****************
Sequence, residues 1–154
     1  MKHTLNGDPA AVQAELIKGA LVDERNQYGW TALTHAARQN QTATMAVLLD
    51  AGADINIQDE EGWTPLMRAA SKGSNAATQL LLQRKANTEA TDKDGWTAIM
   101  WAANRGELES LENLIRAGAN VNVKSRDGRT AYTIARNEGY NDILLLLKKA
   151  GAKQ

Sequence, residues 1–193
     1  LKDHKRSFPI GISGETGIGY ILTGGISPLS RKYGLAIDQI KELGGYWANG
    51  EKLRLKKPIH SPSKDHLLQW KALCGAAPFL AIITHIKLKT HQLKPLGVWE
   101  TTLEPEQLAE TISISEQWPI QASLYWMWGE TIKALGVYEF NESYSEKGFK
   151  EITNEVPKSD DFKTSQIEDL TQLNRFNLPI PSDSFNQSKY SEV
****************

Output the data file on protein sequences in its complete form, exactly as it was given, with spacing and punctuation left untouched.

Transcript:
Sequence, residues 1–154
     1  MKHTLNGDPA AVQAELIKGA LVDERNQYGW TALTHAARQN QTATMAVLLD
    51  AGADINIQDE EGWTPLMRAA SKGSNAATQL LLQRKANTEA TDKDGWTAIM
   101  WAANRGELES LENLIRAGAN VNVKSRDGRT AYTIARNEGY NDILLLLKKA
   151  GAKQ

Sequence, residues 1–193
     1  LKDHKRSFPI GISGETGIGY ILTGGISPLS RKYGLAIDQI KELGGYWANG
    51  EKLRLKKPIH SPSKDHLLQW KALCGAAPFL AIITHIKLKT HQLKPLGVWE
   101  TTLEPEQLAE TISISEQWPI QASLYWMWGE TIKALGVYEF NESYSEKGFK
   151  EITNEVPKSD DFKTSQIEDL TQLNRFNLPI PSDSFNQSKY SEV